"Even now her skin looked sallow against the musty red upholstery of the chair, especially compared to the creamy flesh of the magnolia blossoms just opening outside the window. She had removed the raincoat to reveal a pale pink blouse with pink cloth covered buttons, darker pink lace at the collar. A thin gold necklace glinted at her neck and from her ears dangled jade beads set in gold filigree caps. Judging by the earrings and the lace on her blouse, her fay hair pulled back onto a clip, George saw that she had arrayed herself scrupulously this morning. He did not know from whence the words 'arrayed' and 'scrupulously' had come - they seemed to have blown in through the door when he opened it for Margaret, along with whence and a few yellow catkins that now lay like caterpillars on the braided rug in the hall."

Having lived amongst them for nearly a year Clarice Watkins departs, but I liked that she fails to capture what she came to study. We get little glimpses of her research and although this passage is full of trite clichés she is at least ready to acknowledge that her own assumptions and prejudices about the residents of Littlefield don't really say anything about the subtlety of the human condition:

"But the problems of Margaret Downing were all too obvious: the ennui of a loveless marriage, resulting in attempts to connect with external sources of emotional intensity: elaborate seasonal decorations; sentimental German music played endlessly on the piano; and, of course, the banal affair with a sexist male novelist, whose emphasis on sports culture epitomised the phallocentric world that simultaneously rejected and enslaved her, leading to the inevitable emphasis on youthful appearance amid the decline of middle age - blonde salon highlights, yoga classes, skin coddled daily with serums and moisturisers that cost as much as the yearly income of a bean farmer in Rajasthan - all adding up to the worst kind of social blight: the completely self-absorbed human being." (p.240)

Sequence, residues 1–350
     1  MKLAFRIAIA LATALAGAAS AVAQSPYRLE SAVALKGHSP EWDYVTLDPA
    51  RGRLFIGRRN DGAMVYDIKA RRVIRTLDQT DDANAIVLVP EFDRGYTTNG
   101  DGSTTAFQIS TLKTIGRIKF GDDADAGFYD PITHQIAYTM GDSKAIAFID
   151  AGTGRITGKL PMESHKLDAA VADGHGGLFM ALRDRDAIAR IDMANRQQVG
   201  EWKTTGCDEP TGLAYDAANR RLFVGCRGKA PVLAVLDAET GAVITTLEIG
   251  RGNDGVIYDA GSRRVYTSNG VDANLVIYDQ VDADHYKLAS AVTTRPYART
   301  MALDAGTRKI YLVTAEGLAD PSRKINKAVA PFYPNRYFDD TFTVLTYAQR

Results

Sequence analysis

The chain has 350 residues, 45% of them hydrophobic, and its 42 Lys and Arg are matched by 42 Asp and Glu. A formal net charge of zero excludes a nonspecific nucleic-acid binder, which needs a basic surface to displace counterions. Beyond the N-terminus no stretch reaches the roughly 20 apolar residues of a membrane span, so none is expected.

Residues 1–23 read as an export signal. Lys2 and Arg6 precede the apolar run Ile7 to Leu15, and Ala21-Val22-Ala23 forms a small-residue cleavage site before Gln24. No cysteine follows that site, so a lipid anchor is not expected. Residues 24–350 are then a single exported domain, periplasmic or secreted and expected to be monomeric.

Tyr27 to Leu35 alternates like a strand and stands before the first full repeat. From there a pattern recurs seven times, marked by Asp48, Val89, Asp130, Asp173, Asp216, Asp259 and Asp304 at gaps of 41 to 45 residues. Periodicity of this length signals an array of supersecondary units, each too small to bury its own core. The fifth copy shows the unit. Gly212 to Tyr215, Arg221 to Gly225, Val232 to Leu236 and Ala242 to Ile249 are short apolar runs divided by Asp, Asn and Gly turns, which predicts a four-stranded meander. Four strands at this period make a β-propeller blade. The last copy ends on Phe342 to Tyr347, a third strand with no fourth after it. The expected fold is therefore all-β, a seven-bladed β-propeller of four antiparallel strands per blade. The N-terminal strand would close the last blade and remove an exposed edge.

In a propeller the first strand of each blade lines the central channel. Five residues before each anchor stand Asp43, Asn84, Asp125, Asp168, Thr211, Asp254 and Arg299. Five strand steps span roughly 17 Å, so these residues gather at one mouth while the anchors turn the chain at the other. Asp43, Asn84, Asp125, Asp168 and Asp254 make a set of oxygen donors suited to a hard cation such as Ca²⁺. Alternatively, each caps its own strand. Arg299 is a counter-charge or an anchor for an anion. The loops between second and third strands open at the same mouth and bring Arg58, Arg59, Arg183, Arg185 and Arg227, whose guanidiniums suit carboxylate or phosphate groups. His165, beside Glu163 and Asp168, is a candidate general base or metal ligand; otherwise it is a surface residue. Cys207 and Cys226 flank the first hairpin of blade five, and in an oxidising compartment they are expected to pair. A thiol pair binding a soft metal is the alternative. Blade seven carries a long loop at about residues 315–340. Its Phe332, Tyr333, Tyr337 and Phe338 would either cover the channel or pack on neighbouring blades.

What I enjoyed about the book is the way it blends the mundane with the existential, in watching the the characters you are lead to musing over what it's all really about and what their purpose in life is, and a suitably enigmatic ending, leaving Margaret in a state of continued uncertainty.